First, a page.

The planting of a cypress tree along the river 100 years ago created a small promontory that has become known as Wedding Island. Located in front of Hotel Contessa, the site of the tree is allegedly where Father Damian Massanet conducted a Catholic Mass in 1691, and local artist Rolando Briseño was commissioned in 1991 to create a sculpture that honored the original Mass. The city charges $200 for a 30-minute ceremony, and there are about 225 weddings held on the site every year.

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Christopher Furlong/Getty Images
German Nonprofit Gives $1.1 Million to Restore World’s First Iron Bridge in England
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Christopher Furlong/Getty Images

The UK’s Iron Bridge is more than just a pretty landmark. Built in 1779, it was the world’s first metal bridge, a major milestone in engineering history. Like many aging pieces of infrastructure, though, it’s in dire need of repair—and the funds to shore it up are coming from an unexpected place. According to The Times, a German foundation has pledged to pay for the conservation project as a way to improve relations between England and Germany in the wake of Brexit.

Based in Hamburg, the Hermann Reemtsma Foundation normally funds cultural projects in Germany, but decided to work with the UK’s charitable trust English Heritage to save the Industrial Revolution landmark as a way to reinforce the cultural bond between the two countries. The foundation has pledged more than $1.16 million to the bridge's renovation effort, which will cost an estimated $4.7 million in total. Now, the UK charity only has to raise another $32,800 to fully fund the work.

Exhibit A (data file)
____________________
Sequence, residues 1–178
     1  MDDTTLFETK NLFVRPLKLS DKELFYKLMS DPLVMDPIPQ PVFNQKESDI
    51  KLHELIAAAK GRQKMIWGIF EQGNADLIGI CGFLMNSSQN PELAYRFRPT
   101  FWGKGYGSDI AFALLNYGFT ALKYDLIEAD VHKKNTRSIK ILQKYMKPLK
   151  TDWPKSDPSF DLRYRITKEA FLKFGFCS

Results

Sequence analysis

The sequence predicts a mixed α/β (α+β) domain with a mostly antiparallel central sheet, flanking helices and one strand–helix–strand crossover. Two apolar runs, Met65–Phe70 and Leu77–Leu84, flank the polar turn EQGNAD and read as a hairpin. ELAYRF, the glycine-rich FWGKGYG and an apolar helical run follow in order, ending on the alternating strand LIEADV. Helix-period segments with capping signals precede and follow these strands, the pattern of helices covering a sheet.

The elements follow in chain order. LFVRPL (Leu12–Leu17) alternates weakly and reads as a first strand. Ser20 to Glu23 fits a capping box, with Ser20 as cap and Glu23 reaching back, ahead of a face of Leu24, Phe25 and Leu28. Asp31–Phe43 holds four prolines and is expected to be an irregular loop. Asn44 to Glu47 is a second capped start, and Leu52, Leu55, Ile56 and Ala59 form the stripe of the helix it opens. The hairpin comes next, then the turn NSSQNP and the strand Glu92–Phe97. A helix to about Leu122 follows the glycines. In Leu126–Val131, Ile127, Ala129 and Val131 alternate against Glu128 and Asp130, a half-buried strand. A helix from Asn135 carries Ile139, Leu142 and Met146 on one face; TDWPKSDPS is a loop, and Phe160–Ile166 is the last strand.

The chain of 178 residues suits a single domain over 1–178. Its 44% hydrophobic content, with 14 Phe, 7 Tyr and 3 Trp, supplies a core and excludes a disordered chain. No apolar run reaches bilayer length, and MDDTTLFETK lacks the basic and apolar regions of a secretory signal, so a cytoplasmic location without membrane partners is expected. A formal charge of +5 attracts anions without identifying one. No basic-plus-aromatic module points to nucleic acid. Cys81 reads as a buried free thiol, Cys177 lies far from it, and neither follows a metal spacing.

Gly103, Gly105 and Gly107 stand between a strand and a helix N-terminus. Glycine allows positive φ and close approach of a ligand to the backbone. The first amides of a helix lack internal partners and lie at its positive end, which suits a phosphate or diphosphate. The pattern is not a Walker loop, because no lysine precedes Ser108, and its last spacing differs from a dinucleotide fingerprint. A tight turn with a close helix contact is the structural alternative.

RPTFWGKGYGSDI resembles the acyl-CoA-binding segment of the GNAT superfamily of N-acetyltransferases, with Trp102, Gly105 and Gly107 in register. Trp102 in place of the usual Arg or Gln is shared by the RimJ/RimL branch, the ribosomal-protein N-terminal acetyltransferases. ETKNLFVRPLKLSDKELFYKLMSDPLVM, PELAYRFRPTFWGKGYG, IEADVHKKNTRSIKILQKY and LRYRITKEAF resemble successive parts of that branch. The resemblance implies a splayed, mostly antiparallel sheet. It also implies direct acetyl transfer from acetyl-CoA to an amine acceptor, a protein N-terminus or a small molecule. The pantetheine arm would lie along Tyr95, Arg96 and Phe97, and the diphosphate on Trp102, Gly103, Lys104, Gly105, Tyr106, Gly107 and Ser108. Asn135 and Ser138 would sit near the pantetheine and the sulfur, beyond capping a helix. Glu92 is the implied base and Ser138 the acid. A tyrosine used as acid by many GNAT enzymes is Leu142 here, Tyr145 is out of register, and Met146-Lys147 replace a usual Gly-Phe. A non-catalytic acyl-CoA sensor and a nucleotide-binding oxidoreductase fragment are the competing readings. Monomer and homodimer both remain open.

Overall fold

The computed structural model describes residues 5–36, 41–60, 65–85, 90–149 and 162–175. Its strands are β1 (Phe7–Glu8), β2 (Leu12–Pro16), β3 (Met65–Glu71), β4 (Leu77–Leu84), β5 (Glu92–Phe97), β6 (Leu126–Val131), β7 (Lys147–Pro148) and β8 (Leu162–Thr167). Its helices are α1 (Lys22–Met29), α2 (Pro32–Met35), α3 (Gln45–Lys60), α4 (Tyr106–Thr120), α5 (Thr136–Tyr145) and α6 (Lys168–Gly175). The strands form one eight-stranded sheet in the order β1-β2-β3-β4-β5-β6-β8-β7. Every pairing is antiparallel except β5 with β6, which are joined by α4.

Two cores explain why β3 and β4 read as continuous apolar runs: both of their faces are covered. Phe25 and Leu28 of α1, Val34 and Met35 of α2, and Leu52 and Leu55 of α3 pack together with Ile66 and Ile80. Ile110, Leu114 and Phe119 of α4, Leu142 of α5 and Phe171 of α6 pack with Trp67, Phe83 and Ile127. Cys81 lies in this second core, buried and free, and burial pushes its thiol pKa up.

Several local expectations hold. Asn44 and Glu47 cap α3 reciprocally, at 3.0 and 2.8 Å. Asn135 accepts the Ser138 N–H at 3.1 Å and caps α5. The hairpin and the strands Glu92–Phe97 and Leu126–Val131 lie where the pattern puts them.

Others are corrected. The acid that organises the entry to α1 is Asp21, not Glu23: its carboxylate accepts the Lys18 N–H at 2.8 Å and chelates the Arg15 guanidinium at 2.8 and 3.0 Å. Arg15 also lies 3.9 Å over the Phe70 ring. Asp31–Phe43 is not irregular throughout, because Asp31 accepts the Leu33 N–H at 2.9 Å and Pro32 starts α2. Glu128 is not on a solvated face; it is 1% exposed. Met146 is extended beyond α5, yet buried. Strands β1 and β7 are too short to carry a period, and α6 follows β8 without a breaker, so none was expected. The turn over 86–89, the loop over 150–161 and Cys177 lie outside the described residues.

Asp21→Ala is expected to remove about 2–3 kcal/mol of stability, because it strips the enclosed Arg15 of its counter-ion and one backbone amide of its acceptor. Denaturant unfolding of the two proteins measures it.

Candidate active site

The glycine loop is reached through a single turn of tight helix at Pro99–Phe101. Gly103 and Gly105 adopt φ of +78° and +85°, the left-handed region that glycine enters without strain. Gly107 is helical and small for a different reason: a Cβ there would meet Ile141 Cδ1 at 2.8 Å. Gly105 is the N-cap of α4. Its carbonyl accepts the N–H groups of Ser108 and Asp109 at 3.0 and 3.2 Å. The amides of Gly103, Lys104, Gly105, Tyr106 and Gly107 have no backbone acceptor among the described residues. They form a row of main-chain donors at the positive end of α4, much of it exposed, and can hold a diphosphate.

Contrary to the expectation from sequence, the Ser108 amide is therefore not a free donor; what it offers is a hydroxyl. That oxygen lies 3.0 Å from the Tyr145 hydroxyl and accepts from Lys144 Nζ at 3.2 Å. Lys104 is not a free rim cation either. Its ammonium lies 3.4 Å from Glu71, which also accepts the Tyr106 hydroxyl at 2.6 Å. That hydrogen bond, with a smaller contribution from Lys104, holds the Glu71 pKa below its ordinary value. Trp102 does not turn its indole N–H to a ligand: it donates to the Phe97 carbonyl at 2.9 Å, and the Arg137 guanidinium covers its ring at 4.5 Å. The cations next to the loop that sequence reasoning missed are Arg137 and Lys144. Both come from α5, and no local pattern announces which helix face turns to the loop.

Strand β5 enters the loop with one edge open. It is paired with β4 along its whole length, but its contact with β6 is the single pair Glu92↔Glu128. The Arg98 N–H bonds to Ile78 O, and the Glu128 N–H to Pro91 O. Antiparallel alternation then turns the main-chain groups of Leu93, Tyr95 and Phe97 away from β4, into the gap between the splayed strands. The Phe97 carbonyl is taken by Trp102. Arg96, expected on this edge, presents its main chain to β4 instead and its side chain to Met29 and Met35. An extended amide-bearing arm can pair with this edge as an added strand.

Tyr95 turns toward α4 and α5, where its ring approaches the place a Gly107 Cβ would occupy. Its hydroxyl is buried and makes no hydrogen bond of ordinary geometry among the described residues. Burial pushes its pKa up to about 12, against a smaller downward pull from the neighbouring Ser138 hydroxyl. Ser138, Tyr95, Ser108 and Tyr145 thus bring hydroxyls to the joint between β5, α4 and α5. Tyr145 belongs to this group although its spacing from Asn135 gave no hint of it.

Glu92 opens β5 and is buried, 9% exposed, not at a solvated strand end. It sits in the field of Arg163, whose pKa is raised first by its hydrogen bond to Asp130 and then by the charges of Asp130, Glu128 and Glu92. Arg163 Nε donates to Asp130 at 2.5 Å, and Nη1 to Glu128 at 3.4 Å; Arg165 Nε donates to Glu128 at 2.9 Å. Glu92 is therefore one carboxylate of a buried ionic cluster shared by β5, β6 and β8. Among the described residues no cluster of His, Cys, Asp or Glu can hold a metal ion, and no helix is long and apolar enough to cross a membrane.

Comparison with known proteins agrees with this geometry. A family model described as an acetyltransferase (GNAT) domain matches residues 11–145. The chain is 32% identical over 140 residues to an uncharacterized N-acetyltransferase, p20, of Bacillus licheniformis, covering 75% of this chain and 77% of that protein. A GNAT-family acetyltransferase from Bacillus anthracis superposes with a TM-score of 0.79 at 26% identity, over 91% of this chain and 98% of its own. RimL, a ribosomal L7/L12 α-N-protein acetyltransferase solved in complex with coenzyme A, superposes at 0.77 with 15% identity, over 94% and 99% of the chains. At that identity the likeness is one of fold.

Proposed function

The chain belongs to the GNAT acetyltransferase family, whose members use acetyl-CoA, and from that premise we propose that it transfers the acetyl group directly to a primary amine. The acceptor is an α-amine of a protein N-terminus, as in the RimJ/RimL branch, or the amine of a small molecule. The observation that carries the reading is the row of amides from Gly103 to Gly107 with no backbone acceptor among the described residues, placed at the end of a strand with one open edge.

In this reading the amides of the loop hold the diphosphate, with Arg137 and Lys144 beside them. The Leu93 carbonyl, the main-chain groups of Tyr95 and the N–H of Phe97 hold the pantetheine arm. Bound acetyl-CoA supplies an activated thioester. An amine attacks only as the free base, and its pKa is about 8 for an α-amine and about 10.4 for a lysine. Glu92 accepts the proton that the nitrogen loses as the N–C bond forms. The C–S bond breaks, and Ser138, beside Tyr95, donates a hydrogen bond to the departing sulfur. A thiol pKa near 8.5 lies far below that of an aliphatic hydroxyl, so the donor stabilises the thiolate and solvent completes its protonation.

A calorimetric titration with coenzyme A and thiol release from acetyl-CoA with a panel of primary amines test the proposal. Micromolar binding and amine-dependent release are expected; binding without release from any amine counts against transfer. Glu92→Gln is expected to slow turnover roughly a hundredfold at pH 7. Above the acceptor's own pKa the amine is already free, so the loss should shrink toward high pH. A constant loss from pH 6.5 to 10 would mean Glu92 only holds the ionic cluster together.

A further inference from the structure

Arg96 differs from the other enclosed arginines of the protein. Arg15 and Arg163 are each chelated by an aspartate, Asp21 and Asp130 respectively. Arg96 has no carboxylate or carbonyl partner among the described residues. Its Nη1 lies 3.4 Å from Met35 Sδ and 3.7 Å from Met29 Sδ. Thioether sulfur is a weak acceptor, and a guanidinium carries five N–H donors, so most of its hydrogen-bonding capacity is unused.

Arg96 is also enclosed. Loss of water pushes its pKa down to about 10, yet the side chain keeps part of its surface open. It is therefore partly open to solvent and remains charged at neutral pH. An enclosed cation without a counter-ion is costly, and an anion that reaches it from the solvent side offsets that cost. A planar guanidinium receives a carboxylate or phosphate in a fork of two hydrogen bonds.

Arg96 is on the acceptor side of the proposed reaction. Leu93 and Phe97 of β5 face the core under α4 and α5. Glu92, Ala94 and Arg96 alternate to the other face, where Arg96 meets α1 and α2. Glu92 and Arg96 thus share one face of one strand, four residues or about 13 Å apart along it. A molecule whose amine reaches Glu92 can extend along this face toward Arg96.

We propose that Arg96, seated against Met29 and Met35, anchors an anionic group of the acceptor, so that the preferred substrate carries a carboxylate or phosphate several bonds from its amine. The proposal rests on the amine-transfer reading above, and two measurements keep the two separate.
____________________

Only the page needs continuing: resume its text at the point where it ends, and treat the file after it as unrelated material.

The Iron Bridge was cast and built by Abraham Darby III, whose grandfather became the first mass-producer of cast iron in the UK in the early 1700s, kickstarting England's Industrial Revolution. It was the world’s first cast iron, single-span arch bridge, weighing more than 400 tons. In 1934, it was declared a historic monument and closed to traffic, and the Ironbridge Gorge was named a UNESCO World Heritage Site in 1986.

“The Iron Bridge is one of the most important—if not the most important—bridges ever built,” English Heritage CEO Kate Mavor told the press.

The techniques used to erect the Iron Bridge were later adopted throughout Europe, including in Germany, leading the Hermann Reemtsma Foundation to call it “a potent reminder of our continent's common cultural roots and values.”